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Challenging a Traffic Stop

Challenging a traffic stop may be complicated. Because of Interstate 40 (I-40), the state of Arizona has pursued an absolutely large volume of drug cases involving the transportation of motor vehicles, and although you may feel powerless, there are certainly numerous and effective ways to challenge traffic stops. This is especially true in the latest circumstance of I-40, as Arizona State Patrol, and other law enforcement agencies, frantically stop countless vehicles, making innumerable problems and constitutional transgressions along the road.

Challenging a Traffic Stop: Reasonable Suspicion

Challenging a traffic stop generally begins by attacking the core of the proof that you possessed marijuana, cocaine or many other illegal narcotics. On the other hand, if drugs were spotted in your vehicle, there are still many ways to fight the charge, usually on the grounds of whether the stop and search were constitutionally allowed by the Fourth Amendment.

An officer must first have to have a logical suspicion that you were or were about to break the law, which means that one could question the officer’s conclusion that a traffic violation was certainly committed. Many times officers stop a vehicle on fictitious reasons: GPS device on a windshield, unsafe following distance, illegal lane usage, speeding 1 or 2 miles per hour over the speed limit, etc.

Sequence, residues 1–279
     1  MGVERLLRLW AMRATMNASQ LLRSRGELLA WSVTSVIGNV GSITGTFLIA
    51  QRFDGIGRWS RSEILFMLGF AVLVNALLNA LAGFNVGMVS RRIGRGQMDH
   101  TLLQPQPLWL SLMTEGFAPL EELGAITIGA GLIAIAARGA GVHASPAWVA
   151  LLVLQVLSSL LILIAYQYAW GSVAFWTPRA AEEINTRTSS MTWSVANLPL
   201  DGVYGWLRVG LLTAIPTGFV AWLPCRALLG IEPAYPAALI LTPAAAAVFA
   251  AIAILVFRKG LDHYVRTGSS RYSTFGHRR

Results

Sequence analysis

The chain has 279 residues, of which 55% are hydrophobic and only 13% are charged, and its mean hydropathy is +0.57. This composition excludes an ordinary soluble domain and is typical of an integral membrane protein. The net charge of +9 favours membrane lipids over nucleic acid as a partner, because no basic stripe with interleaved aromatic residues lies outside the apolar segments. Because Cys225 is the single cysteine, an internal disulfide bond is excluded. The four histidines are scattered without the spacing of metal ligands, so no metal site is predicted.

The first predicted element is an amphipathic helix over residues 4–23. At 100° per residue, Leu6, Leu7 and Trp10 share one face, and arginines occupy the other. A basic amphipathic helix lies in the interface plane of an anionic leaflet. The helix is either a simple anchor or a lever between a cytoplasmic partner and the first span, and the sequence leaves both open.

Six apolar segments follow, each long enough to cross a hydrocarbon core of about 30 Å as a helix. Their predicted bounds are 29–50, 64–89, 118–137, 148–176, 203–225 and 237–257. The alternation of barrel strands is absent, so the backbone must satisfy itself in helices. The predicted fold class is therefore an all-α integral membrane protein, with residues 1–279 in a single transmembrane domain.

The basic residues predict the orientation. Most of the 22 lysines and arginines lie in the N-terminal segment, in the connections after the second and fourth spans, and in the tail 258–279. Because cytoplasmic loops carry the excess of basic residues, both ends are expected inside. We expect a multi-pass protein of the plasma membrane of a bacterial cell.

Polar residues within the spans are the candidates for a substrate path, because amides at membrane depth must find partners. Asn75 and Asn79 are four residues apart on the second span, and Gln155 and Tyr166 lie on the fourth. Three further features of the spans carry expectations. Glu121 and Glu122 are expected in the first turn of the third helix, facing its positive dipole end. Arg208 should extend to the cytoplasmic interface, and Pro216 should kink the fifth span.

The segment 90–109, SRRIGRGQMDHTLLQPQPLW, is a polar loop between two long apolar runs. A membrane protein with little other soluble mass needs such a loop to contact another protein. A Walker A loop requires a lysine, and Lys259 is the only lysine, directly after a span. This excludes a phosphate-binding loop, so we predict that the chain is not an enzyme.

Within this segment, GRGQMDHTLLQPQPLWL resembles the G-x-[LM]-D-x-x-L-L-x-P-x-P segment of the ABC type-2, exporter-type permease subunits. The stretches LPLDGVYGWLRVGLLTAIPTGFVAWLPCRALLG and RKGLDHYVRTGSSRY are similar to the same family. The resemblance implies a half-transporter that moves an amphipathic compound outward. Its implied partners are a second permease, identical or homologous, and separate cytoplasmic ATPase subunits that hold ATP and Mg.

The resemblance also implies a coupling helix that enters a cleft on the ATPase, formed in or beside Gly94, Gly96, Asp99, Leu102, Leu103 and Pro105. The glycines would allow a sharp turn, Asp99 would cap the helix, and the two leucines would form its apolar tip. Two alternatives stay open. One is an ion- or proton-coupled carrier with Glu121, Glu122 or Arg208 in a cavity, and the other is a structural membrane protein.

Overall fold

Upon stopping the automobile, the officer actually has no right to order you from the car, and if you were commanded to do so, you may be able to have the evidence of drug possession excluded because of this unconstitutional act. The officer should have merely issued you a ticket, and allowed you to leave. At times officers will direct the driver to get out of the vehicle and wait while a “warning” is being released; the right time to begin questioning that person about drugs and other illegal activity.

Challenging a Traffic Stop: Probable Cause

This procedure is used to look for any indication of criminal activity, often calling in the drug-sniffing canine, to push you into a consent or to have possible cause to search the vehicle. You should never ever say yes to the search of your automobile though it does not have contraband. Make the police establish enough proof of probable cause. If you say yes to a search then your attorney can not contend the probable cause defense later in court when you are going up against drug transportation charges.

Challenging a traffic stop will be a lot easier to fend off if there was no probable cause for a search. Then there is an actual chance that the evidence obtained could be excluded.

If you have been profiled and targeted by the Arizona authorities, and they have discovered drugs in your motor vehicle, contact a criminal defense lawyer as early as possible.